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Thousands participate in the Rotary Cancer Run



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Rotary Cancer run 2022 edition

By Our Reporter

The annual Rotary Cancer Run returned on Sunday for its 11th edition at the Kololo Independence grounds, attracting close to 40,000 runners from across the globe.

Through the Cancer Run for the past 11 years, Rotary and its partners have sought to continue the fight against cancer in Uganda. This year, the aim of the run was to raise funds to build bunkers which will house the modern cancer screening and testing machines at Nsambya Hospital.

The construction of the bunkers commenced in May 2022, however, there is still a big gap of UGX 11.8billion that needs to be raised for the construction. These bunkers will house 2 ultra-modern linear accelerators which are cancer testing and treatment machines.

Speaking during the event at Kololo, the Chair Board of Trustees, Rotary Cancer Program, Stephen Mwanje expressed Rotary’s gratitude for the support from Ugandans and people from all over the world for participating in the run. He said that, “We have seen participation in the Cancer run grow from 100 participants to 50,000 participants annually in and outside Uganda. This year we have Bujumbura, Kigali, Dubai, Dar es salaam, Beijing, Sudan, Nigeria, Libya, New Delhi, Mombasa, Khartoum. All this has been achieved because of your relentless effort.”

“The collections being made this year will be directed towards the construction of two bunkers at Nsambya Hospital that will be housing the 2 cancer testing and treatment machines we hope to import in the near future,” Mwanje added.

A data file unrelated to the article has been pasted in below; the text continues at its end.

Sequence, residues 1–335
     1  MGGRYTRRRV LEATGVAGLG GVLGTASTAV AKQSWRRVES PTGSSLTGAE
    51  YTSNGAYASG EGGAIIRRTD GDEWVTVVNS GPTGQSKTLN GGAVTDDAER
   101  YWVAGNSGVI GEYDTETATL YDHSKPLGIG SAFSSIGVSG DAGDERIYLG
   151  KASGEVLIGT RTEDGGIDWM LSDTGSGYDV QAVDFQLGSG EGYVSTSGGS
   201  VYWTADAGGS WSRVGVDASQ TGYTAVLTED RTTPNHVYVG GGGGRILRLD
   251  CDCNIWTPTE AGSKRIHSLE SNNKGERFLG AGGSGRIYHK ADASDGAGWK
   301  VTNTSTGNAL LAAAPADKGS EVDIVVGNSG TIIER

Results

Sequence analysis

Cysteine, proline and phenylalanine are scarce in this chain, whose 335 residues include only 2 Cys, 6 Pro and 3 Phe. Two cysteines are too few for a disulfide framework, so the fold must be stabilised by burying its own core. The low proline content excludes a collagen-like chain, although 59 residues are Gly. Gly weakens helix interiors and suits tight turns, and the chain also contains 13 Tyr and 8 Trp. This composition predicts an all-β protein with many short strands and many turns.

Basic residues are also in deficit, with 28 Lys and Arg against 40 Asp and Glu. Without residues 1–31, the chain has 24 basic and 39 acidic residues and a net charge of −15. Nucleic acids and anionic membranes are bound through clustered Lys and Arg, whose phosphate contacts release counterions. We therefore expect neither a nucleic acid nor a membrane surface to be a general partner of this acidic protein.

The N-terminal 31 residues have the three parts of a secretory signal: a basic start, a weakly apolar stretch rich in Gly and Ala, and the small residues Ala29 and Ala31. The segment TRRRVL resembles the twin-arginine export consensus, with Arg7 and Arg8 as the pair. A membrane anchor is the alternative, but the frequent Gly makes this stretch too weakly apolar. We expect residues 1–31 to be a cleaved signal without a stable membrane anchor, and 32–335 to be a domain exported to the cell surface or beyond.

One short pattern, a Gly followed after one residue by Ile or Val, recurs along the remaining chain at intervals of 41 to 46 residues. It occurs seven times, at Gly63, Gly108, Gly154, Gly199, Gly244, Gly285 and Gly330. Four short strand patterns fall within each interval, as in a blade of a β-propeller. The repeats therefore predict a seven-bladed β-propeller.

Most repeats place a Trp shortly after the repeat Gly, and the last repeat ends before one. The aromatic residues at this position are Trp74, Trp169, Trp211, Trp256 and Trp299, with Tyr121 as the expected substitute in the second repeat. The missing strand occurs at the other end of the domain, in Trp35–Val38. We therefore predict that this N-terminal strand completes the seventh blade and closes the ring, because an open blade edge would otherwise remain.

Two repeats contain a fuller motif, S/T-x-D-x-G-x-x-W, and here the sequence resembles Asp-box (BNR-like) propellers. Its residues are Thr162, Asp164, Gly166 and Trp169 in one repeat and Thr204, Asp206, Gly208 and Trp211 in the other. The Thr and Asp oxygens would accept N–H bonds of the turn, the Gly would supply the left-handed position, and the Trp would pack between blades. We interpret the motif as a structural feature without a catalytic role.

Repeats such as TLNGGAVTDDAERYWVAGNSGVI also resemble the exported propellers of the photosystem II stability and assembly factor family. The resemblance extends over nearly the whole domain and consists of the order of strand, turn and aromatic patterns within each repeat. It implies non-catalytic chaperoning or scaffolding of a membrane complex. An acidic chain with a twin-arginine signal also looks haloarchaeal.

The chief runner the Rotary International president Jennifer Jones appreciated Ugandans for their love and support towards the cause of improving the health system in Uganda. “I am a survivor of cancer and I strongly believe that with the right treatments in place and with early detection, we can get rid of cancer in the country.”

The trends observed at the Uganda Cancer Institute show almost 80 per cent of patients present the disease in advanced stages, hence limited interventions to prolong survival, an indication that the level of knowledge in the public and their perception of cancer, its symptoms, where to access treatment, and the care by the general practitioners is lacking.

Speaking at the marathon ceremony, Fabian Kasi, the Managing Director Centenary Bank noted that Centenary Bank bought into the vision of Rotary Uganda 11 years ago and still believes in the same cause today.

“We have partnered with Rotary Uganda for the past eleven years to support this run and this year; we have contributed UGX 150 million shillings towards the cause. Cancer has had an impact on each and every Ugandan both directly and indirectly. The onus is therefore on us to join forces and wage war on the incapacities in our health systems to treat this disease that has ravaged our households,” Kasi said.

The Rotary Cancer Run is an annual event organized since 2012 by Rotarians to bridge the gap in the fight against the cancer scourge. Since inception, the run has raised Shs 2.3 billion and many other forms of support in kind rendered to facilitate the fight against cancer in Uganda.

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